A HISTORIC HOTEL... is rarely just a place to bed down for the night. True, there's usually a restaurant or two, and a lobby made for people-watching, and a swimming pool, and other diversions. Thanks to the passages of time and tradition, though, the older building begins to assume a few quaint characteristics, touchstones that extend beyond the hotel's obvious duty as a sleep-and-eat spot. Traditions bubble up, very often to do with the holidays, and the inn's personality -- or hotelanality? -- becomes associated not just with the rooms and lobby but, rather, what it is and does. The US Grant in San Diego has had a century, and a half decade on top of that, to develop its own hotelanality, which has charmingly included speakeasy evenings that recall that the landmark was once the location to enjoy a libation back in the 1920s. Adding to its distinctiveness are the holiday must-dos the grand dame of the Gaslamp Quarter annually observes. The merry must-do that springs to local minds, and those guests that regularly call upon the hotel in December, is "An American Christmas," a pageant presented by the Lamb's Players Theatre. The show includes "music, dance, story, song, and laughter," and it all goes down in the Presidential Ballroom, pumping up the pomp even further. The 2015 dates are pretty pomp-ified, too: "An American Christmas" will run from Dec. 17 through the day after Christmas.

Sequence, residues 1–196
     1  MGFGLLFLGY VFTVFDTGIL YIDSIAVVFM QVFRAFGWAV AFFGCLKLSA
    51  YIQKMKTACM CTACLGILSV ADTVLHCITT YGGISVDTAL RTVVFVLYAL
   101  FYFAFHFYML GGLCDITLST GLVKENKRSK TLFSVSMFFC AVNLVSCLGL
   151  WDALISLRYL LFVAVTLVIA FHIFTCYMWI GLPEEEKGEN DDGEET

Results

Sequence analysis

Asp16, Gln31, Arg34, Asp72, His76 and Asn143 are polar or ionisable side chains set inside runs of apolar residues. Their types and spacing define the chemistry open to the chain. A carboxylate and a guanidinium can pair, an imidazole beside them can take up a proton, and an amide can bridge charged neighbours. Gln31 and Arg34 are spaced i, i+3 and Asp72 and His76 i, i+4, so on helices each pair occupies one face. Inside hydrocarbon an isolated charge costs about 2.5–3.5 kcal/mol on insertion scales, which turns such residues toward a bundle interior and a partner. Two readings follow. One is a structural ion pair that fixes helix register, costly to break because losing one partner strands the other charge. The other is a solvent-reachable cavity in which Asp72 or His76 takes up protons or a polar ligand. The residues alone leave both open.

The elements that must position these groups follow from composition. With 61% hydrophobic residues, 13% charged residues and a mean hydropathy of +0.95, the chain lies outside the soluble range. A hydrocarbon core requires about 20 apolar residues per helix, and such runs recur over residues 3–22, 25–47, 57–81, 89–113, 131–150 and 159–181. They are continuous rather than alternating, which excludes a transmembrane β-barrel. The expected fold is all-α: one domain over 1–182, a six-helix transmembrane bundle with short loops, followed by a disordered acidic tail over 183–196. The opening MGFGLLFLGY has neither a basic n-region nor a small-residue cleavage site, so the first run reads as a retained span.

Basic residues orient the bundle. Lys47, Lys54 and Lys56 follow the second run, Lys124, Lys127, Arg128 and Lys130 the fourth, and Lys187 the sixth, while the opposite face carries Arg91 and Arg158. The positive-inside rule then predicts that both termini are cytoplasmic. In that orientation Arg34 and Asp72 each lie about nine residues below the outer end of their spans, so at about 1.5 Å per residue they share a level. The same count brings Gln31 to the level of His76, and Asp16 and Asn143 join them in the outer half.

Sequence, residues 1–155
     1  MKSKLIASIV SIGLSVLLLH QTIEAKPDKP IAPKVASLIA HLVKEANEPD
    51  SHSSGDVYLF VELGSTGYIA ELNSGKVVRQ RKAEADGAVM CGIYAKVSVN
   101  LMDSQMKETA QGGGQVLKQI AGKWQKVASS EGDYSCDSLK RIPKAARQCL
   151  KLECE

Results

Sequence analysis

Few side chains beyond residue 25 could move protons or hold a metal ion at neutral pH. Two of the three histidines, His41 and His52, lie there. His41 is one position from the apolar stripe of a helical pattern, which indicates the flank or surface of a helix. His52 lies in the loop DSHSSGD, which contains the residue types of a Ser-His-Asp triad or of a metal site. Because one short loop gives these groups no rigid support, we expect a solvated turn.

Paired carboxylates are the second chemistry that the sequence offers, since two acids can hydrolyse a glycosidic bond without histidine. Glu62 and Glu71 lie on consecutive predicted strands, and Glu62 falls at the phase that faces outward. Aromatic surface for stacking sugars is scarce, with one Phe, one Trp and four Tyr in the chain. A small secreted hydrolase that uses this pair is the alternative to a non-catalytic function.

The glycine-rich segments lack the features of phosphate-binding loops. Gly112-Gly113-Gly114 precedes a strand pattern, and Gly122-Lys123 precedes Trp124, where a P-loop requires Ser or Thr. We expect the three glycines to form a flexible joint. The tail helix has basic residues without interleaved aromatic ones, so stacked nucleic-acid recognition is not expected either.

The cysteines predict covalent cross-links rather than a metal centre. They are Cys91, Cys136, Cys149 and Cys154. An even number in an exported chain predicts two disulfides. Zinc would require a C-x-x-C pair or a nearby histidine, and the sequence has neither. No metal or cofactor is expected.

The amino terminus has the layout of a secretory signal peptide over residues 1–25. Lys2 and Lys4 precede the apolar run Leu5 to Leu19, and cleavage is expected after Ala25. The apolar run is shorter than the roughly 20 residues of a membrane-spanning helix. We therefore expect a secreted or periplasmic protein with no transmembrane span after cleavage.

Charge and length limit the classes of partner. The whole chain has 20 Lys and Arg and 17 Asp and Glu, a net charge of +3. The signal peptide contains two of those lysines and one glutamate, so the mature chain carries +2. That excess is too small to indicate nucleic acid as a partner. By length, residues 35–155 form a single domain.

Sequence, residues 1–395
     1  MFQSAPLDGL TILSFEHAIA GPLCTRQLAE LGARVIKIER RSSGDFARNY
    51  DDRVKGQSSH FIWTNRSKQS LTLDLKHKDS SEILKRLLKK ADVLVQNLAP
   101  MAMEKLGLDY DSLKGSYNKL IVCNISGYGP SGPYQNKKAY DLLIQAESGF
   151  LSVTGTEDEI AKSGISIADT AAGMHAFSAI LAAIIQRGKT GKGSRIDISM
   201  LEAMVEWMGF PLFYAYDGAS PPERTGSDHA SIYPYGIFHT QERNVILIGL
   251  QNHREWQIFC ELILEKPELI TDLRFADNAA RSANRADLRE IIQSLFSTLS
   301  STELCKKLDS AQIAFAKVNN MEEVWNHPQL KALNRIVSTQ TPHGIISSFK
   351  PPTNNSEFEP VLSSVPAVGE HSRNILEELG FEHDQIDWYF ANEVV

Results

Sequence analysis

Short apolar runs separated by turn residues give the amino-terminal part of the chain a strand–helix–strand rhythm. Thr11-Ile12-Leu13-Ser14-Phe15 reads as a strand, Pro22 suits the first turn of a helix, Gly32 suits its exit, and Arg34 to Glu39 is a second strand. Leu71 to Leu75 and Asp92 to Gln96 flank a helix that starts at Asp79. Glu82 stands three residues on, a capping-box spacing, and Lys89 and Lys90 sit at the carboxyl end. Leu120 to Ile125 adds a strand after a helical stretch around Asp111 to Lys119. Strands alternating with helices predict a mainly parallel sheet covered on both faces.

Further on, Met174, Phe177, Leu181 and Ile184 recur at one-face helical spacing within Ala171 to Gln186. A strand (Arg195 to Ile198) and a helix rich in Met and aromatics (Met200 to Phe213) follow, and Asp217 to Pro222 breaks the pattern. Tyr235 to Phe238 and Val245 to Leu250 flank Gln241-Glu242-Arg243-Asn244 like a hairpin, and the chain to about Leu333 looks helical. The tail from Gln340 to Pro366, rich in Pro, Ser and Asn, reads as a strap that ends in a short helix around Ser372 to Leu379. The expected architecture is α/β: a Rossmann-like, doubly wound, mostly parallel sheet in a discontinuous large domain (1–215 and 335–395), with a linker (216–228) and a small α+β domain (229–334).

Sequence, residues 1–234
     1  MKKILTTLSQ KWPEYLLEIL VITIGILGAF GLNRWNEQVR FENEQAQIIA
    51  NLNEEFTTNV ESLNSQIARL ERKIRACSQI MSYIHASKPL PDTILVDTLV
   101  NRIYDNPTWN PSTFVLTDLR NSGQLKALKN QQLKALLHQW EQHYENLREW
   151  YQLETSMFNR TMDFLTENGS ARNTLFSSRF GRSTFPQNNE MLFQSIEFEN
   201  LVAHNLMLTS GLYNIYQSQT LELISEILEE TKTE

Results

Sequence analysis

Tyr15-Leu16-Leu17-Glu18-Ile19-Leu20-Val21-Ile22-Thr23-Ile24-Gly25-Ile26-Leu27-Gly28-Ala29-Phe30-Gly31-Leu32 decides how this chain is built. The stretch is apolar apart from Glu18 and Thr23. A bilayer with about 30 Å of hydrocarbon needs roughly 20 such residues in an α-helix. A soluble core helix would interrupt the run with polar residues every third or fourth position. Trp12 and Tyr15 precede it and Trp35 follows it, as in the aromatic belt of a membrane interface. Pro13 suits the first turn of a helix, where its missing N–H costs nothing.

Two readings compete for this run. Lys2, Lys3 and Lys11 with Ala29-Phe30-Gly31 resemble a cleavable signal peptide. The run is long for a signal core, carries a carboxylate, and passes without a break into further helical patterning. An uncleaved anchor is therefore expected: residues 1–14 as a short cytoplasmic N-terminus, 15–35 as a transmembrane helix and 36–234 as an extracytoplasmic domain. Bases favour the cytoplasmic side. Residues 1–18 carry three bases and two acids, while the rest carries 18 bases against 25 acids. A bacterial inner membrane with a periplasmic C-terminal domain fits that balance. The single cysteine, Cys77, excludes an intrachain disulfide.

THERE'S A POMP-Y PACKAGE... on in conjunction with "An American Christmas," and it has the name of the show in its very name. You'll get "luxury accommodations" at the US Grant, as well as two tickets to the show, a bubbly toast for two, a five-course supper for two, and a memento to take home. (If you're guessing that the bauble is something pretty and it dangles from a fir tree, among the popcorn and lights, you'd be in the right ballpark.) Rates depend on your room, natch, so give everything a lookie-loo, while you hum a carol or two, as you point your sleigh in this direction. And pause to be glad that, over time, many a hotel assumes a bit of extra kick in the individual character department. With so many people staying at an historic hotel over the decades, is it any wonder it develops its own personality?